www.va.gov/directory/guide/vetcenter.asp

VA Medical Center Facility Locator
VA provides world-class health care to eligible Veterans. Most Veterans qualify for cost-free health care services, although some Veterans must pay modest copays for health care or prescriptions. Explore your eligibility for health care using VA’s Health Benefits Explorer tool and find out more about the treatment options available to you.
www.va.gov/directory/guide/home.asp?isflash=1

What is noise or light irritation?

Do you find yourself squinting at any light — even when it’s not very bright? Do loud noises cause you discomfort? Have you had headaches that make lights or sounds more painful to experience? These are all signs of noise or light irritation.

Light sensitivity, sometimes called photophobia, and noise sensitivity may make it difficult or painful to deal with even average lights or sounds. Light sensitivity can be related to sun glare, indoor fluorescent lights, or glare from a computer monitor. You may also have sound sensitivity to either loud or persistent noises around you. Sometimes, hypersensitivity to sound or light comes with headaches.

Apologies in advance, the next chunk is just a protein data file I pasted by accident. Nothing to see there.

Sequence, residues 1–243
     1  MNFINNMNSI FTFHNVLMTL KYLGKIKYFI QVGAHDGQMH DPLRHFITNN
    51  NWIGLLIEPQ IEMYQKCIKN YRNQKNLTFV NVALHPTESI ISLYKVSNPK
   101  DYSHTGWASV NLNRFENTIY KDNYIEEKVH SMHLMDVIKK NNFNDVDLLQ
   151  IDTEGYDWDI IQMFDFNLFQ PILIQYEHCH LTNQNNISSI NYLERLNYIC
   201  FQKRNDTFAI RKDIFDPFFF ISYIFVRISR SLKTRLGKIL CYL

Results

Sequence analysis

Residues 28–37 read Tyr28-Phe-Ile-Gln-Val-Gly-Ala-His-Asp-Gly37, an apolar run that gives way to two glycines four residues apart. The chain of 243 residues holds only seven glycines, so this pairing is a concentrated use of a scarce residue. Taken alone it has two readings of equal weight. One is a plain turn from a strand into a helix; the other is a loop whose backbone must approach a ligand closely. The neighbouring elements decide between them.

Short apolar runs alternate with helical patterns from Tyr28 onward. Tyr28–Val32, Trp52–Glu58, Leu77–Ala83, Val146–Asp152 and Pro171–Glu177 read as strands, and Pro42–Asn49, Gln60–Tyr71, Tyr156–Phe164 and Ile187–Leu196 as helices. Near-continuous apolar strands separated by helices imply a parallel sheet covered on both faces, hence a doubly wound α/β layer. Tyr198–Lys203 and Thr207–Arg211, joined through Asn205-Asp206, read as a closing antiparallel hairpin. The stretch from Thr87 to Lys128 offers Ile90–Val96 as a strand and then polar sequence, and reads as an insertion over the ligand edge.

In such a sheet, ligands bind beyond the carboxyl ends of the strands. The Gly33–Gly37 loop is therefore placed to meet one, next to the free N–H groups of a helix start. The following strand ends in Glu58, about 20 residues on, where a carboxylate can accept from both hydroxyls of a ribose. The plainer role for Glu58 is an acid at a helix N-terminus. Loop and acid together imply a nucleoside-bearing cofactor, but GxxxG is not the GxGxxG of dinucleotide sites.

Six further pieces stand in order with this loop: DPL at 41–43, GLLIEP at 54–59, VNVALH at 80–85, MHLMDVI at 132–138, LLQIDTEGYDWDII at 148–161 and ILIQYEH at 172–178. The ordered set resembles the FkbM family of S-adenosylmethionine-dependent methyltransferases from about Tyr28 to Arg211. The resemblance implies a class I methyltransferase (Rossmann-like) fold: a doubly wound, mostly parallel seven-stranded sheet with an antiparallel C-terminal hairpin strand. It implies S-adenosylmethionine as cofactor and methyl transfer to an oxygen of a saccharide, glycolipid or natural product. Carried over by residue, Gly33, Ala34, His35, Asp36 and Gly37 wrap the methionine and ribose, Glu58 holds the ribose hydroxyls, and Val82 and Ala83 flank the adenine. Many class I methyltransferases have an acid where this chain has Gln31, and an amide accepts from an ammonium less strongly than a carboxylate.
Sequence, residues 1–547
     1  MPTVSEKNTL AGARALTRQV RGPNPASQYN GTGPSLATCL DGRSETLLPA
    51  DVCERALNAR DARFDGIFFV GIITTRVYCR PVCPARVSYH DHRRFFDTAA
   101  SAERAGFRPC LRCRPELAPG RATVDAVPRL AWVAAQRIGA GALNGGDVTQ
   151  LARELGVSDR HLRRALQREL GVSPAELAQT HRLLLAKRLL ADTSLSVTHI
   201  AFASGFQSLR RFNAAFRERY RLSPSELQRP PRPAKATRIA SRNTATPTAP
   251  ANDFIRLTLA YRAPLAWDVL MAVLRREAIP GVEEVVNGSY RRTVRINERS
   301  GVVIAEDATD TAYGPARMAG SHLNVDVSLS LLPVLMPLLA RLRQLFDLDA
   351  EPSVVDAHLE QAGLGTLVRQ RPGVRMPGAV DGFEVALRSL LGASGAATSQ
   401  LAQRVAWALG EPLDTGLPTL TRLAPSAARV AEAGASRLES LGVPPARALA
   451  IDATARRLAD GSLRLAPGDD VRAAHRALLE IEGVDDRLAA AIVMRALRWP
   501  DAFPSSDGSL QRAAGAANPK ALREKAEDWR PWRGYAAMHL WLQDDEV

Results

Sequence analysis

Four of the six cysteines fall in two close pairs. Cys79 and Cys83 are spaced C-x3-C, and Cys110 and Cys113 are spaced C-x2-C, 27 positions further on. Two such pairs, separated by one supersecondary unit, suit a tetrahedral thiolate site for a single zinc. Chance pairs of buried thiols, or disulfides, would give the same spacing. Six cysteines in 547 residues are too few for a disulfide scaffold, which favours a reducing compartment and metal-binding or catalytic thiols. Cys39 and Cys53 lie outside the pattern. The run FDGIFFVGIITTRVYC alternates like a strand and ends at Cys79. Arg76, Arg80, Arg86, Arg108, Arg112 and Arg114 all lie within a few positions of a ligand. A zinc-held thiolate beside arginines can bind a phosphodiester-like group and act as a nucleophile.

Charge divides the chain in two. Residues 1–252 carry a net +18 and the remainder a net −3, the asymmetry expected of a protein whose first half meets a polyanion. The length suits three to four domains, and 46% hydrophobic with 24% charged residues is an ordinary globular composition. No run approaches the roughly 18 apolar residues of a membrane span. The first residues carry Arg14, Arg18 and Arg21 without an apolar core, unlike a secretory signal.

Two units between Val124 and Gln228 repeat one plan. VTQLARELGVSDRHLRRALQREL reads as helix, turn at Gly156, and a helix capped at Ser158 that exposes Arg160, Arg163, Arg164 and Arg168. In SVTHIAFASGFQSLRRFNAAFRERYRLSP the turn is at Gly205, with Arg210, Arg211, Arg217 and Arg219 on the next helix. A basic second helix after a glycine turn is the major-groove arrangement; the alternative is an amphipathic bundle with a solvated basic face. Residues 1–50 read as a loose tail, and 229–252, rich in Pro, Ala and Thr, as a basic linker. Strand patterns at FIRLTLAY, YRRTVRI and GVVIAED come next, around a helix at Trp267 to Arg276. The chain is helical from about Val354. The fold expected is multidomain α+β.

You may wonder why you have noise sensitivity or light sensitivity. Some Veterans experience these symptoms because of whiplash-related injuries from combat or accidents in military or civilian life. Veterans who have experienced possible traumatic brain injury may also have hypersensitivity to sound or light. Someone might also be easily startled by sidden noises after they have been through a traumatic experience. Certain eye conditions can also cause problems with glare or light sensitivity.

“Sometimes the lights in stores can give me an immediate headache. My eyes will sometimes hurt after turning on a light or going outside in the sunshine.”